Spaghetti Bolognaise

Everybody loves Spaghetti Bolognaise and although it can seem more convenient to make it using sauces in jars, this “home made from scratch” recipe is really simple. Shop bought sauces can often be high in salt and preservatives, so it really is worth considering making it yourself. The basic mixture can also be used in a Lasagne or Shepherd’s Pie so it is great to batch cook and freezes really well!


  • 500g Lean Mince Beef or Mince Turkey or Green Lentils if you prefer a vegetarian or vegan option
  • White Onion x 1
  • Garlic Cloves (1-2 to your own taste)
  • Dried Oregano X 1 tsp
  • Dried Basil x 1 tsp
  • Tomato Puree x 1 tbsp
  • 300ml Vegetable Stock
  • Red Pepper (About 1/2)
  • Green Pepper (About 1/2)
  • Yellow Pepper (About 1/2)
  • Sweet Potato (About 1/2 Medium Size)
  • Courgette (About 1/3)
  • Aubergine (About 1/3)
  • 1 Tin of Chopped Tomatoes
  • Flour (1 Tablespoon of Guten Free Rice Flour or Cornstarch)
  • Gluten Free Pasta (Spaghetti or Penne)
  • Fresh Parsley
  • 1 Tablespoon of Nutrition Yeast (Optional but adds a vegan cheesiness and has health benefits too!)


  • Saute the onion on a medium heat until soft
  • Add the dried herbs and chopped garlic, mix and saute for another minute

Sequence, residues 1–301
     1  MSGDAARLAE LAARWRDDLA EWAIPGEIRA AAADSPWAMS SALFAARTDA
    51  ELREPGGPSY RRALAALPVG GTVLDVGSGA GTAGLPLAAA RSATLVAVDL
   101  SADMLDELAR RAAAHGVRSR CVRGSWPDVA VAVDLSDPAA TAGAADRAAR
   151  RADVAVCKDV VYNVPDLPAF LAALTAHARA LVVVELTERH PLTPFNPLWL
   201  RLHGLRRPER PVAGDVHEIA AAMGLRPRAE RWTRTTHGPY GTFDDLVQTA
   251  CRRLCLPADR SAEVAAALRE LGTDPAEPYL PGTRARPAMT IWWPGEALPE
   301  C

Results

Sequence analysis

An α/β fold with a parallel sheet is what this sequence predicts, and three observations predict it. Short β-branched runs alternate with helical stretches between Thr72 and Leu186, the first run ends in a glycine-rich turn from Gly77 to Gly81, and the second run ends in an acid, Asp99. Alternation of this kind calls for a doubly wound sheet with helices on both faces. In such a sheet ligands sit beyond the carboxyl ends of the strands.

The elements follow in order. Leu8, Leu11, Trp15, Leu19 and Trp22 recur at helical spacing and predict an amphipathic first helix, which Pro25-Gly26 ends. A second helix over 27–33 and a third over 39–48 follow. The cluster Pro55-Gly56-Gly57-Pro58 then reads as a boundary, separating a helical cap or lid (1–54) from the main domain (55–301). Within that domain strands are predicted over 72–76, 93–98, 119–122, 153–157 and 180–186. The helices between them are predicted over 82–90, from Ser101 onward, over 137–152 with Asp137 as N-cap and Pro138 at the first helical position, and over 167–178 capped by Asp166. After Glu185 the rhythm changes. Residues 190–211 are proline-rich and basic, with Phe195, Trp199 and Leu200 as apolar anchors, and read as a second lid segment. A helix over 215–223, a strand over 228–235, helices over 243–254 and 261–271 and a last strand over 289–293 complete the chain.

• Mix through the meat (if you are using meat) until browned
  • Add the chopped vegetables and mix well
  • Pour the lentils (if using) chopped tomatoes over the mixture and add the nutritional yeast and tomato puree
  • Mix the flour with a little water until smooth and add to stock
  • Pour stock into saucepan and mix well
  • Simmer for 25-30 minutes on low heat until vegetables soft and meat is cooked
  • Serve with gluten free pasta and a dressed salad on the side and a sprig of parsley

Like the lasagne, this meal has protein, lycopenes in your heated tomato sauce and a wide range of minerals and vitamins thanks to the variety of colours of vegetables included.  It is creamy and delicious and another one of my favourite home comforts. 

For your information, lycopenes are powerful anti-oxidants (fight free radical damage) and can help protect against sun damage, support heart health and lower the risk of certain types of cancer.  Tomatoes are rich in lycopenes and cooking them increases their availability.

Lyn Sharkey Nutrition
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